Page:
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Books > Buddhist > Buddha > Hariti - From Ogress to Goddess (A Buddhist Deity)
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Hariti - From Ogress to Goddess (A Buddhist Deity)
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Hariti - From Ogress to Goddess (A Buddhist Deity)
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About the Author

Madhurika K. Maheshwari, a 1962 Arts Graduate from Calcutta University, specialized in Hindi. She followed up with a Visharada degree in Hindi from Allahabad University. Her command over the language was put to good use when she began to adapt and translate English plays into Hindi-what’s more, these plays were staged successfully all over India. Married to internationally-known numismatist DSr. K.K. Maheshwari, Madhurika continued to nurture her interest in history and even more so, mythology, even as she was occupied as housewife and mother. Whi9le her first publication is centered on the Buddhist Goddess Hariti, she has already begun work on the second: a companion volume on Hariti’s consort Kubereta.

A Few Words

In the Indian heavens, the lesser gods tend to get more overlooked - so I opted for Kubera as the subject for my first research study. Not that this ancient god had not made his mark among the ranks of the demi-gods, having risen from a simple yaksha to the top echelons as King of the Yakshas and the Lord of Wealth. But, to my mind, he has not received his appropriate share of scholarly attention.

Then why this book? Even as I began to explore Kubera's multi-hued. career and dramatic evolution, I wondered if I might not settle for a less challenging subject to inaugurate my venture into research and writing. Namely, Kubera's consort, the Yakshini of Rajgriha - Hariti.

That turned out to be a total misjudgment. A stirring tale unfolded itself: A Mother of Demons, she was converted to the Righteous Path by the Buddha Himself, going on to become one of Buddhism's - and India's - foremost Mother Goddesses, whose worship extended from Gandhara to India, and to China and Japan in the Far-East, and right through the ages from the first century BCE to the current day. I was instantly won over ... I must now acknowledge my deepest gratitude to all those who helped make this Hariti-study possible:

First, the distinguished scholars who graciously made the time to guide me and support me whenever I faltered in my path. Dr. Lokesh Chandra gave me his undivided attention and valuable advice whenever (which I must admit was quite often) I bothered him with doubts or problems.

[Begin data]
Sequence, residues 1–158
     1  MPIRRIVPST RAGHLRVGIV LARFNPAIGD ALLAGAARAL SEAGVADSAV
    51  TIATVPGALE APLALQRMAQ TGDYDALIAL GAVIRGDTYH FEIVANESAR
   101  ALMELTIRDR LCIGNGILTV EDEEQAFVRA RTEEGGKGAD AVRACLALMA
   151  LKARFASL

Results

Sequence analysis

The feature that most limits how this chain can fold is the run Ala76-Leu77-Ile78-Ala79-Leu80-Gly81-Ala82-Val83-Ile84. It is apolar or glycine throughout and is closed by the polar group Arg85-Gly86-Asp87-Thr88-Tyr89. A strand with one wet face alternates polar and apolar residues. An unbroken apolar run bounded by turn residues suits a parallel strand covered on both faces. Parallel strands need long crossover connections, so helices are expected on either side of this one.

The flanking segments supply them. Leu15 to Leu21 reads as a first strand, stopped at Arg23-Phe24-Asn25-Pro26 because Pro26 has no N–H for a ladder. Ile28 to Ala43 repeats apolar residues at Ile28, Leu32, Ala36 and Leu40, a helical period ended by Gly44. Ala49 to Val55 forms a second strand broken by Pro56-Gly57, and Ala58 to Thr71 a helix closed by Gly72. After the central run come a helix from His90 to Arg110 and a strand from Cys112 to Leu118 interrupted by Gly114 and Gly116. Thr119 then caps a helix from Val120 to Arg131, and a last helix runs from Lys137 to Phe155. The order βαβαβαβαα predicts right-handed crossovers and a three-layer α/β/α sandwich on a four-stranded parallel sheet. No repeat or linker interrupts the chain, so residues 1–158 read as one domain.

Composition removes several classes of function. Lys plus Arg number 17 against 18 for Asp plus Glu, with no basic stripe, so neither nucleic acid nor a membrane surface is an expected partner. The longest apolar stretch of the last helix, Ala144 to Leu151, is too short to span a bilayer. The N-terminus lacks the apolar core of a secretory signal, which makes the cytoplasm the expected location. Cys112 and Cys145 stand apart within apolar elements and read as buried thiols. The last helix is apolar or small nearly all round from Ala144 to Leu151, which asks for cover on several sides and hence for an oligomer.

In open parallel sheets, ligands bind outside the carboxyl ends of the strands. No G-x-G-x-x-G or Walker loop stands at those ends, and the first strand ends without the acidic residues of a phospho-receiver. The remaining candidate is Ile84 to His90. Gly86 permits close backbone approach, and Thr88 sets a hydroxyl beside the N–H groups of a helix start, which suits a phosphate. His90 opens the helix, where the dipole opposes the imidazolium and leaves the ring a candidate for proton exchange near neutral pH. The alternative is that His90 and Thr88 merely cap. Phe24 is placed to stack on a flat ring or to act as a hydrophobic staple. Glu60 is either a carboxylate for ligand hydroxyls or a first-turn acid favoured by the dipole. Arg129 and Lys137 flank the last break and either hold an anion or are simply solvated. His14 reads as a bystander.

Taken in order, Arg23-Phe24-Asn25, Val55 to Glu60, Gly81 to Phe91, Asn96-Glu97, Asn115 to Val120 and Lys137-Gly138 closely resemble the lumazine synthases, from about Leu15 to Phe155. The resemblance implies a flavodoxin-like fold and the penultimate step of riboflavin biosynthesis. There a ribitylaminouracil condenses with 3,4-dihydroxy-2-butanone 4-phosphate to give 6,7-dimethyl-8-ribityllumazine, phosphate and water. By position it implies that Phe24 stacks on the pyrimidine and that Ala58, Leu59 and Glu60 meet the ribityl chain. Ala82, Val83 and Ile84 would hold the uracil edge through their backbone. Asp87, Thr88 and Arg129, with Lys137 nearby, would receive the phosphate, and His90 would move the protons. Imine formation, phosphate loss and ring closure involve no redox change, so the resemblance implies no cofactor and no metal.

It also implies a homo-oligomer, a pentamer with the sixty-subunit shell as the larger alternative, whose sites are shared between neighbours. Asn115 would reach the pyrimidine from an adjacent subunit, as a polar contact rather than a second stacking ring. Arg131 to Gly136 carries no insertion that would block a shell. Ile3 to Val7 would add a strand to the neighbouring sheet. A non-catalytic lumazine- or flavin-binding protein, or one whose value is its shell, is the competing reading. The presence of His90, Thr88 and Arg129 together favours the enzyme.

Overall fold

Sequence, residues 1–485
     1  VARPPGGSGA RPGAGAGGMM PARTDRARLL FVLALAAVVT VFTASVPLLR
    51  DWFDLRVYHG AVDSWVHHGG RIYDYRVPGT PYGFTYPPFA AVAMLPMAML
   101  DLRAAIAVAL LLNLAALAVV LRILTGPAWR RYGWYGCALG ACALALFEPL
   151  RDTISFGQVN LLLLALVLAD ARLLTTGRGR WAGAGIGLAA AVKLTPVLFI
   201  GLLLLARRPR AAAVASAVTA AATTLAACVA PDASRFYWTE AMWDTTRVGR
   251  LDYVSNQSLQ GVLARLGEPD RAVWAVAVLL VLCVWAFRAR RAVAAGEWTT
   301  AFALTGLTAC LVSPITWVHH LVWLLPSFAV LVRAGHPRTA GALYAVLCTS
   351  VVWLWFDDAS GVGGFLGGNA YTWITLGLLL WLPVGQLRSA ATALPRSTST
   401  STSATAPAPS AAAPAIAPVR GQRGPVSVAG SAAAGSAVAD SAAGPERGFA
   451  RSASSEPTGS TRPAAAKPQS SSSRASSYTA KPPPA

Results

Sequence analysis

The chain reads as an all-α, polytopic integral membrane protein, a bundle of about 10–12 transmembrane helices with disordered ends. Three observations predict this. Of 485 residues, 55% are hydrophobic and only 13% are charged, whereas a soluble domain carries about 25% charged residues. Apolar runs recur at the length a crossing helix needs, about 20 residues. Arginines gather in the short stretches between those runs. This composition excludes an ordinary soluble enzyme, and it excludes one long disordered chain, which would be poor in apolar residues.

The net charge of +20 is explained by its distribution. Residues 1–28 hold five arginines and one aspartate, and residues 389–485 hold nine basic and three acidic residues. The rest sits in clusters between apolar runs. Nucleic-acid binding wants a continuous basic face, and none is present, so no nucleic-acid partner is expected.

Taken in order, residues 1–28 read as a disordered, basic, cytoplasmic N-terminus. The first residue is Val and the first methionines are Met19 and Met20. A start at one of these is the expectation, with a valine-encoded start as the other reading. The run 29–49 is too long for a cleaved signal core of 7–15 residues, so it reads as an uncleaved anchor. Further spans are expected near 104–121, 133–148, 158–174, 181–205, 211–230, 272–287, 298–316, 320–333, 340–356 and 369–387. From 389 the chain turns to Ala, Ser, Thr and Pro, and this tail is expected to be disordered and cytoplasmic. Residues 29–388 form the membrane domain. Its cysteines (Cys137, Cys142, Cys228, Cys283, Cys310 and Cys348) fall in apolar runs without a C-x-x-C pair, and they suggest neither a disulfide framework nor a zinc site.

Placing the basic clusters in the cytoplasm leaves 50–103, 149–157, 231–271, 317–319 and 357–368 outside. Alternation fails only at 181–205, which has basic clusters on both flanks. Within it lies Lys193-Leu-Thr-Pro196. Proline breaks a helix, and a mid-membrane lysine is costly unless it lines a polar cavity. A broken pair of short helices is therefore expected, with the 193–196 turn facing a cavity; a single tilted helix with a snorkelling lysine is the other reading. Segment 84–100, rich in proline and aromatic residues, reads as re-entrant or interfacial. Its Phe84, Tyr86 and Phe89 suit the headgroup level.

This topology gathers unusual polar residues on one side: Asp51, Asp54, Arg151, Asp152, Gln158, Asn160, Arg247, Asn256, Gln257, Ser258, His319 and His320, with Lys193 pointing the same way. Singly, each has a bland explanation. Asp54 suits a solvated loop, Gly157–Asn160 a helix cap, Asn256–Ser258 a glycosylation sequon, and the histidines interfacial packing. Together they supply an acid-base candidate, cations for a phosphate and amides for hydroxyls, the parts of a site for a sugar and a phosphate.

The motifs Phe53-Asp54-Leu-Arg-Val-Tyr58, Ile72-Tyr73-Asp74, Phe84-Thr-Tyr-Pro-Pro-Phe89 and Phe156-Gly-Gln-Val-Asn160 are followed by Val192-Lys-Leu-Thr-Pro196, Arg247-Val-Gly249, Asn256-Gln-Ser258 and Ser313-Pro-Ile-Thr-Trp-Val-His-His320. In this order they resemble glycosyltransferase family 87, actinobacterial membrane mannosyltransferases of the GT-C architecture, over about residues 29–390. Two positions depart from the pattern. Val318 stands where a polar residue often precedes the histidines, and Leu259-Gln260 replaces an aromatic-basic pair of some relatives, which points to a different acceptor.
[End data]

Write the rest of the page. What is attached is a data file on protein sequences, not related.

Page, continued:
Dr. Devangana Desai, Dr. Kalpana Desai, Dr. A. P. Jamkhedkar, Mr. Robert Knox (then in the British Museum) and Mr. John Guy (then in Victoria & Albert) too gave me much-appreciated guidance and constant encouragement. Special thanks to Mr. Shinji Hirano (in particular, for the painted scroll from Daigoji Temple) and Dr. Monika Boehm-Tettelbach (for the Yar Khote painted banner, now in the Berlin Museum) for obtaining permission to use photographs which otherwise would not have been available to us. And a big thank you to Dr. B. K. Modi, who launched me on this study by introducing me to Dr. Lokesh Chandra.

I thank Dr. Geeta Sali for helping me in my research and writing; Rani Day Burra for editing the text and offering many useful suggestions; Vandana Daga for translating the story of Shashthi Devi from the Bengali; Bhiku Morita from the Nichiren sect for helping with the Japanese text; Jai Ariwala for various line drawings; and Atul Chou bey for the book design. I must also thank the Asiatic Society of Mumbai, Chhatrapati Shivaji Maharaj Vastu Sangrahalaya (formerly Prince of Wales Museum of Western India) and the Indian Numismatic, Historical and Cultural Research Foundation for giving me access to their wonderful libraries.

Contents

  A Few Words  
1 The Emergence of Hariti 10
  From ogress to goddess  
  Yaksha cult spans diverse religions  
  Hariti travels far and wide  
  Hariti told ... and retold  
  Incomplete journey  
2 The Ascent of Hariti 28
  Merging of the mother goddesses  
  In the beginning was Bhima Devi ...  
  Like Jara, like Hariti  
  Other mothers: Diti, Shashthi, Revati  
  Some more mothers: Jyeshtha and Sitala  
  Goddesses against smallpox  
  Jainism's Bahuputrika, Hinduism's Lakshmi and  
  Ardoxsho, the Iranian goddess  
  Just one mother  
3 Hariti Worship 58
  Salutations to the mother of mankind  
  Shrines and statues: north to south  
  Spells and shlokas: the path to Vajrayana  
  a victorious and auspicious one!  
  The rituals of Vajrayana  
  Mantras to find treasures, to banish demons ...  
  Feminine face of Buddhism  
4 Hariti Outside India 78
  On the wings of Buddhism:  
  Central Asia  
  China  
  Nepal  
  Tibet  
  Indonesia  
  Japan  
5 Iconography Down the Ages 132
  The singular signature of Goddess Hariti  
  Hariti in the Gandhara region  
  Hariti in the Kusana period / The Mathura School  
  Hariti in the Gupta age and after Summing Up:  
     
  Shifting iconography, enduring mother  
  The rise of indigenous artistic influences  
  Gupta period: The further flowering of Hariti  
6 Hariti in Gold, Silver and Clay 214
  On seals and artifacts  
7 Behind The Veil of Legend 222
  In the beginning was the great mother ...  
  Line drawings 228
  Footnotes 236
  Glossary 239
  Bibliography 240